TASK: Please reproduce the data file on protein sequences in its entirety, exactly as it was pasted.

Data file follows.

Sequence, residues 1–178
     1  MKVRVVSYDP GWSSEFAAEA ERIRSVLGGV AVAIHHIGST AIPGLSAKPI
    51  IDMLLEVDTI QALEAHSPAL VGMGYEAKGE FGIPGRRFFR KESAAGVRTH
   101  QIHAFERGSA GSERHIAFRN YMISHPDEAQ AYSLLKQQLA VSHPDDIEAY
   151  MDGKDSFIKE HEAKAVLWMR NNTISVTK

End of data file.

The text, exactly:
Sequence, residues 1–178
     1  MKVRVVSYDP GWSSEFAAEA ERIRSVLGGV AVAIHHIGST AIPGLSAKPI
    51  IDMLLEVDTI QALEAHSPAL VGMGYEAKGE FGIPGRRFFR KESAAGVRTH
   101  QIHAFERGSA GSERHIAFRN YMISHPDEAQ AYSLLKQQLA VSHPDDIEAY
   151  MDGKDSFIKE HEAKAVLWMR NNTISVTK